It’s her smarter cousin, Jenny Suissa, who expresses a restlesshum of discontent. Her tentative, heartfelt search for the meaning oflife beyond Bat Yam’s figurative parameters provides this film withits best moments. To make that journey, she’ll need extraordinarycourage and imagination. During filming, her father abandoned thefamily for a new life in Las Vegas. Her older female relatives areloving, but of another era. Her swa
ggering male classmates (“My idealspouse? A virgin, a good girl who knows her place,” says one) areunlikely sources of salvation. This Jenny is poised uncertainly onthe brink of self-discovery. How it will all turn out for her is aquestion we’ve come to care about by film’s end.

(Screens at the Music Hall on Nov. 8, 12, 15 and 18.)

Family Business


Seated, the late Max Laemmle, founder of the theater chain, with son Robert, left, and grandson Greg.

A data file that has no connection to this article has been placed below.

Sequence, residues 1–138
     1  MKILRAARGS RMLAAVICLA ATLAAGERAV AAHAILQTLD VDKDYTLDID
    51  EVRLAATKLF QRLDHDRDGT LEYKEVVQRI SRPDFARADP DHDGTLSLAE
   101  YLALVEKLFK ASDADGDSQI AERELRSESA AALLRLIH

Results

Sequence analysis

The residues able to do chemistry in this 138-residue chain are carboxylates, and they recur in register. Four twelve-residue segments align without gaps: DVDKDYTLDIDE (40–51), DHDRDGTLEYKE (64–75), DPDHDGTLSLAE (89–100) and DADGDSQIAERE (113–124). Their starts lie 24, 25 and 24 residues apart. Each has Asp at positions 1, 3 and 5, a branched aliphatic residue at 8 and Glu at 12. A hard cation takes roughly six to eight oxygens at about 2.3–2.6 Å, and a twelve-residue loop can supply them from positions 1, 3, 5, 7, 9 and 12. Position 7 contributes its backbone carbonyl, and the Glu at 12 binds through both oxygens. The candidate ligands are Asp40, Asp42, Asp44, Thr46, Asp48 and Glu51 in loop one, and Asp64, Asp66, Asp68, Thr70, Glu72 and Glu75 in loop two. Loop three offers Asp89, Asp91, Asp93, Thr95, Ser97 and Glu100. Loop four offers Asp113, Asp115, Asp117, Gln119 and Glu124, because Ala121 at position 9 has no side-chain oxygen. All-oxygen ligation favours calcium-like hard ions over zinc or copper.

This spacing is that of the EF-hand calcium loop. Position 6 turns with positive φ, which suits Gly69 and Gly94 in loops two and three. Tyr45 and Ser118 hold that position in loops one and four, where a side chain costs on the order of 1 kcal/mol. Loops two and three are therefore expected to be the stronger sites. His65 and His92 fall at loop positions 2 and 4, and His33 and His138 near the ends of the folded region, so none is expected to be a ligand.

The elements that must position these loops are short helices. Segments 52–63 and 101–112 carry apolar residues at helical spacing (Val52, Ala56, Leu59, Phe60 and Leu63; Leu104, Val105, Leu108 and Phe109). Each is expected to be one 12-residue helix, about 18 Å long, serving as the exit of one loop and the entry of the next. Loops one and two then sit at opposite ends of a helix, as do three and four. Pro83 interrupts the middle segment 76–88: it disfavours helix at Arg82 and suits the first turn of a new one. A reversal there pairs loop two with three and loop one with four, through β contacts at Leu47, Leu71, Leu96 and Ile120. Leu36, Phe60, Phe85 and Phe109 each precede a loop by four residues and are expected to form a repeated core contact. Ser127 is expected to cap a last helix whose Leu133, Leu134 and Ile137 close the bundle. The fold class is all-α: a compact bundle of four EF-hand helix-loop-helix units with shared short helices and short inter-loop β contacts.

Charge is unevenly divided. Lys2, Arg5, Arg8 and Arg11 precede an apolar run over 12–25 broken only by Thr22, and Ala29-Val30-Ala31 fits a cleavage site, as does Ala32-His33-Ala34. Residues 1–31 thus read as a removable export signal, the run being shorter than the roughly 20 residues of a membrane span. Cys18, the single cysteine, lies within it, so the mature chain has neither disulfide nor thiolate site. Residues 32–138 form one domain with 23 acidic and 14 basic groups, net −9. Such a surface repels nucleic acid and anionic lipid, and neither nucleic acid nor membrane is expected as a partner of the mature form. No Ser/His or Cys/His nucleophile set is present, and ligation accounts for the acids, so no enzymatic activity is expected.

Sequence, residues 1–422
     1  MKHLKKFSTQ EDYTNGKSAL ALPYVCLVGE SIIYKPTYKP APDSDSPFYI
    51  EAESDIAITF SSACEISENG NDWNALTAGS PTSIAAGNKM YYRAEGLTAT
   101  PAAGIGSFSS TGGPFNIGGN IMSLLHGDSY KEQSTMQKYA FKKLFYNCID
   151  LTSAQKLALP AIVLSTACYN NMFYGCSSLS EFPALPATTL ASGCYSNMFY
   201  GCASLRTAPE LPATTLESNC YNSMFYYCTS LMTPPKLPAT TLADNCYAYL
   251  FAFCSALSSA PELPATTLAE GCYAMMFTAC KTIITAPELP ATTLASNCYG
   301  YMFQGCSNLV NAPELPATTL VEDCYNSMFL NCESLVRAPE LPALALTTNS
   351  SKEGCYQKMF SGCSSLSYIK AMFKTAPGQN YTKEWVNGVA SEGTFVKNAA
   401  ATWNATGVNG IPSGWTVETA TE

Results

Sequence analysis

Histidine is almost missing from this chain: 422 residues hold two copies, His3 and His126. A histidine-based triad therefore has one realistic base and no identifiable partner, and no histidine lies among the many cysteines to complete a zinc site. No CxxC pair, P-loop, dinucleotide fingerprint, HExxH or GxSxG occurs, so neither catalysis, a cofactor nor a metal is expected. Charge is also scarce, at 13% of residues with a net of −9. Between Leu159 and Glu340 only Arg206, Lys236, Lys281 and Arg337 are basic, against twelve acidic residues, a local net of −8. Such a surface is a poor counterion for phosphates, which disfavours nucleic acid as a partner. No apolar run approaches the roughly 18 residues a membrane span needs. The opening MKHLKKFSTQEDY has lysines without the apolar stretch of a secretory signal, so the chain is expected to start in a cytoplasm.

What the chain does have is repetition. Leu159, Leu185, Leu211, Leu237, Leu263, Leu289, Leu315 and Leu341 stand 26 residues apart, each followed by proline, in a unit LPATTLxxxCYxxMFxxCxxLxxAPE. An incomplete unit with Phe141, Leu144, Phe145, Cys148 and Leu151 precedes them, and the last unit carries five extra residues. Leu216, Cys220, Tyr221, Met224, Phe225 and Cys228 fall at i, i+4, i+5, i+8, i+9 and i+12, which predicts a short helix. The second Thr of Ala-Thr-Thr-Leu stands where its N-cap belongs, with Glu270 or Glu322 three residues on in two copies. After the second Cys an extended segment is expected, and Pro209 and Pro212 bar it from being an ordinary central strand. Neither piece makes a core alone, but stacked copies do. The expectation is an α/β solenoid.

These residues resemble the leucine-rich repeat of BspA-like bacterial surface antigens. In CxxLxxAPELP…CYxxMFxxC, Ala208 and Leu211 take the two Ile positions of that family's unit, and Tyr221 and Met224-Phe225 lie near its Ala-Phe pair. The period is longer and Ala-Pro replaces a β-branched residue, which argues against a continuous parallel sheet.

Back in the heyday of the self-made Jewish movie moguls, the studios were, to a certain degree, family businesses. For Louis B. Mayer, Jack and Harry Warner, and others, nepotism was standard operating procedure, a way to protectively surround themselves with their own kind and to lend a hand to relatives and friends who otherwise may have had a rockier time of it, particularly during the Depression.

Nepotism reached unprecedented heights at Universal Pictures, which was founded in 1915 by Carl Laemmle, an affable and unpretentious German-Jewish immigrant. According to author Neal Gabler’s “An Empire of Their Own: How the Jews Invented Hollywood,” Laemmle at one time had more than 70 friends and relatives on the studio payroll. It was a source of amusement within the industry, prompting Jack Warner to quip that Laemmle “was making the world safe for nephews.”

In retrospect, contemporary Los Angeles filmgoers have “Uncle Carl” and his unabashed nepotism to thank for the eventual creation of a lively, eclectic chain of movie theaters.